Reports of rape by Russian soldiers in Ukraine are ‘tip of the iceberg’, experts warn

‘Sexual violence is used during conflicts to destroy not only the lives of individuals but entire communities,’ says campaigner

Maya Oppenheim
Women’s Correspondent
Friday 01 April 2022 17:25 BST
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The United Nations estimates at least 1,119 civilians have been killed since Russia invaded Ukraine
The United Nations estimates at least 1,119 civilians have been killed since Russia invaded Ukraine (Copyright 2022 The Associated Press. All rights reserved.)

Reports of sexual violence against Ukrainian women carried out by Russian soldiers are likely to just be the tip of the iceberg, experts have said.

Ukrainian officials have announced they are looking into allegations including that a Russian soldier killed the husband of a woman called Natalya before two Russian troops repeatedly raped her in a village outside the capital of Kyiv.

Maria Mezentseva, a Ukrainian MP, has said there are other rape victims whose cases have not yet been revealed to the public. But the Kremlin’s spokesperson Dmitry Peskov has denied the woman, who has been given the fake name of Natalya to protect her, was raped by two Russian soldiers.

However, campaigners told The Independent reports of sexual violence against Ukrainian civilians do not capture the scale of the problem.

Nadine Tunasi, survivor champion for the British government’s preventing sexual violence in conflict initiative, said: “Sadly, whenever men in uniform begin attacking civilians, it is inevitably women and girls who suffer the most and the conflict in Ukraine is proving no different.

“I know from my work with survivors how sexual violence is used during conflicts to destroy not only the lives of individuals but entire communities. It is therefore essential that measures are put in place to protect survivors and ensure that perpetrators are held to account.”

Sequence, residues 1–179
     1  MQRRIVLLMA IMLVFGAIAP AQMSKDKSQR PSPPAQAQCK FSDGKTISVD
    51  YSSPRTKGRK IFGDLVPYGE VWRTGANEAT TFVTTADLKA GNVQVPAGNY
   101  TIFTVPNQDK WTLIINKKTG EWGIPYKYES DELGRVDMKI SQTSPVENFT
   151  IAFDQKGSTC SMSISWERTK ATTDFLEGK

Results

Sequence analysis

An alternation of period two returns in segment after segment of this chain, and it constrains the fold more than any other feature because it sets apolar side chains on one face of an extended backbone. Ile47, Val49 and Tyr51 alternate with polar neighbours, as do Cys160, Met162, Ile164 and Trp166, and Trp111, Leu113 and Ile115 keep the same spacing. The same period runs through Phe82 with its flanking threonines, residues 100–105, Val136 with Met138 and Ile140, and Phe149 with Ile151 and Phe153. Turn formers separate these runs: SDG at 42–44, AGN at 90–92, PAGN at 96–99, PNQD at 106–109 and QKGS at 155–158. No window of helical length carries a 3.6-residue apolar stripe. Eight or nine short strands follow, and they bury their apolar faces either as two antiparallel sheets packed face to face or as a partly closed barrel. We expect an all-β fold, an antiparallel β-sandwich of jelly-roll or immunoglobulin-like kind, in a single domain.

The United Nations estimates at least 1,119 civilians have been killed since Russia invaded Ukraine at the end of February.

Steve Crawshaw, of Freedom from Torture, told The Independent: “Sexual violence by Russian armed forces has been frequently reported during many of Putin’s military engagements, dating back to his brutal war in Chechnya where Freedom from Torture found the practice to be widespread.

“Growing reports of the use of torture and sexual violence by Russian forces in Ukraine are thus sadly unsurprising.”

Mr Crawshaw, a former war reporter who was previously The Independent’s eastern Europe correspondent, said: “The rules of war clearly state that there are no conditions under which civilians can be targeted and sexual violence or torture against civilians constitutes a war crime.

“To prevent further devastation, it is crucial that the conflict is brought to a swift end, abuses are investigated and perpetrators are held accountable.”

While Hillary Margolis, a women's rights researcher for Human Rights Watch, said “unfortunately, sexual violence is always a feature of war and far too often used as a weapon in conflict”.

“The fact that we are seeing initial reports of cases of rape by troops in Ukraine only indicates there are likely many more that remain unreported,” Ms Margolis told The Independent.

“It is essential that survivors of sexual violence have access to urgent post-rape care, including in wartime, and that investigations into potential war crimes in Ukraine include rape and other gender-based violence.”

It comes after The Independent reported at the end of February that increasing numbers of Ukrainian women will endure sexual violence wielded as a “weapon of war” in the wake of Russia’s invasion of the country.

Leading human rights organisations warned women are likely to be among those hardest hit by Russia’s “full-scale invasion” of Ukraine, noting they have already “suffered” badly during the bloody eight-year conflict between Russian-backed rebels in the separatist east of Ukraine.

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